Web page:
As your father and grandmother were published writers you might say it’s in your blood. Might we recognize any of their work?
I’m afraid not. My grandmother wrote poetry, and my father wrote a family saga – but both books are now out of print.
You were born in Egypt. When and why did you leave?
I grew up in Alexandria,Egypt, but I left when I was a young woman because I wanted to roam the world. I think of the years that followed as my nomadic years, during which I spent time in Switzerland,France,England,Greece,Spain,Italy and Kenya. I lived in some places – mainly Switzerland– and stayed with friends and relatives in others.Greece was a particular favourite for me; it was there that I bought my wedding dress and took my honeymoon with my husband.
What led you to study French Literature at university?
It was the obvious choice for me. First, literature is my passion – I grew up surrounded by books and the tales of my governess, and it was by far my favourite subject at school. I attended a convent school, and there the nuns instilled in their pupils a respect and love for great literature: we were always reading books and discussing them and acting out scenes from them in plays. Why French? Because I adore the language and the culture and the history. My education was in French, and the writings I had studied at school were predominantly French.
Have you ever considered writing a humorous travelogue about your journeys?
No. Humorous writing isn’t really my style; I prefer romantic, passionate, descriptive writing.
If you’ve written all your life, why did you wait so long to be published?
After my children were born, between being a mother and running a property business, there was little time for daydreaming, let alone writing.
Then, once my children had flown the nest, I decided after so many years of yearning to write, write, write it was time to dust off the old manuscripts I’d been tinkering with for a lifetime and finish my first novel. And thus, Burning Embers flowed onto the page.
Today, I live the dream: I write full time, splitting my time between my homes in Kent and in the South of France, where I dream up romances overlooking breathtaking views of the Mediterranean.
Burning Embers is a romantic novel that will transport you through a passionate journey in Africa in the 1970s. It is the story of Coral, a naïve young English woman who falls in love with Rafe, a handsome but complicated older man with a deep secret, and the path riddled with complications and intrigue that their love must go through to prove itself.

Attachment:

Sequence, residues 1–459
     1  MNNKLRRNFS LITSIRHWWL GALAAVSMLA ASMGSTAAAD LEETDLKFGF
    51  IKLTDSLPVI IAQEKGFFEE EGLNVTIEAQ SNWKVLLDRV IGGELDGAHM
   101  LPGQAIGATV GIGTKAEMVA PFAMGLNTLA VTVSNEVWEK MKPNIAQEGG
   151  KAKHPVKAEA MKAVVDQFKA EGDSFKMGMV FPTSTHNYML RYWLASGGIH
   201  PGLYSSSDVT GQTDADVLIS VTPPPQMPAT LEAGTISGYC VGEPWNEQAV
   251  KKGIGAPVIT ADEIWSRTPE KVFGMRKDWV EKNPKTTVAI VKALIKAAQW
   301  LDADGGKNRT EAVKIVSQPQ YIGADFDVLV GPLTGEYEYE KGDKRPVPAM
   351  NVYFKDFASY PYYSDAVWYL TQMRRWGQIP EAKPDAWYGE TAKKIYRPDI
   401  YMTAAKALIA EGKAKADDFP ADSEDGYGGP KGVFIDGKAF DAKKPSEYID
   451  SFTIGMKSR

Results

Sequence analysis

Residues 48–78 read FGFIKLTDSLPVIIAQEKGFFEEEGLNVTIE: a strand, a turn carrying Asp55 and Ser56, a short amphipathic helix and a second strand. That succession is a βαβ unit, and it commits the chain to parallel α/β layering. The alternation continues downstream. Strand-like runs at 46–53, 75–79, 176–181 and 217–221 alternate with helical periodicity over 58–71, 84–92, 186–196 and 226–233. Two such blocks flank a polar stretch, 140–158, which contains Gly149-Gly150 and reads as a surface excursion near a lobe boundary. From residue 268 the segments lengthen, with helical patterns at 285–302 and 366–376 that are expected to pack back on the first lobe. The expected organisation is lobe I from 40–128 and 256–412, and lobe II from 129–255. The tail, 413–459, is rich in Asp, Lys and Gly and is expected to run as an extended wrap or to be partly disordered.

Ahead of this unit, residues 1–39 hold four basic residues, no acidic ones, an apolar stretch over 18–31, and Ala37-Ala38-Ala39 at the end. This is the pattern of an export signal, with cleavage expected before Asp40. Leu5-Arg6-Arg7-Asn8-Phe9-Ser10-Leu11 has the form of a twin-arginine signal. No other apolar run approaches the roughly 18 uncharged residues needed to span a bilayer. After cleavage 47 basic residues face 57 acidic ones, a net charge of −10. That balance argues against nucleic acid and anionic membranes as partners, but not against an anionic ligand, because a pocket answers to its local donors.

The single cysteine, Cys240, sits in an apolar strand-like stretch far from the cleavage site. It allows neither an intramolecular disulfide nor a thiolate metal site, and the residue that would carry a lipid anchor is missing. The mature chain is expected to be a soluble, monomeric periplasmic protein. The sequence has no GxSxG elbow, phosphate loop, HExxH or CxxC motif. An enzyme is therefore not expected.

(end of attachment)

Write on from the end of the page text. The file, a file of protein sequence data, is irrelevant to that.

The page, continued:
The description in Burning Embers transports you to the colourful, wild landscapes of Kenya, amid its animals, its people and their customs and history in 1970. Essentially, the book allows you to travel to Africa without leaving your armchair and get lost in a world of sizzling romance and suspense.
I am an incurable romantic, a passionate and imaginative dreamer, in love with the beautiful places that I visit on my travels. Because that is also the genre I most enjoy reading, I write what comes from the heart: romance.
Why Kenya with all the traveling you’ve done?
When I was a teenager MrChiomboWangai, a Kenyan and a dear friend of my father’s, used to often come to visit. He was a great raconteur and used to tell me wonderful stories about his country, its people, its customs and its very exotic rituals. From time to time he lent me books about the place. Later, I travelled with my family to Kenya, and Mr. Wangai showed us around his fascinating country. I fell in love with the beauty and wildness and romance of the place, and my Burning Embers began taking shape in my mind.
What’s next for Hannah Fielding?
I have written a sizzling and sensual trilogy, a romance that is set in Andalucia,Spain, spanning a period that will take the reader from the 1950s to the present day. It is the passionate story of the de Falla family, some of whom have roots in England, and their interaction with the gypsies. A tale of love, treachery, deceit and revenge, a rumbling volcano, set against the fierce and blazing Spanish land which is governed by savage passions and cruel rules.
I have also written a very romantic and touching love story set inVenice and Tuscany in 1979/1980. It opens with the Venice Carnival that has returned after a cessation of almost two centuries. It is a tale of lost but tender deep, ineffable love, dealing with its echoes and learning to love again.
Greece is also on the map for a new Hannah Fielding romantic novel. I know that captivating country and its people very well, and Greek mythology was part of the literature course I read at university.Greece is not far from Alexandria, and I have many Greek friends.
I will publish these books publish in due course.
Why have you chosen, so far, for all your books to be set from the 1960s on, recent history, so to speak?
Because it is a period I know well, and I think I write best when I’m able to tap into my own experiences. Also, the past fifty or so years have seen such major changes in society, and there is much to explore in terms of romance in this era. Burning Embers, for example, is set in 1970, because I wanted to write a traditional love story with a naïve heroine, but one who is very much a product of the female revolution that took place in Western society during the 1960s, from her fashion and independence through to her career as a successful freelance photographer. Also, I wanted to capture the beauty of Kenya at a time when independence was brand new.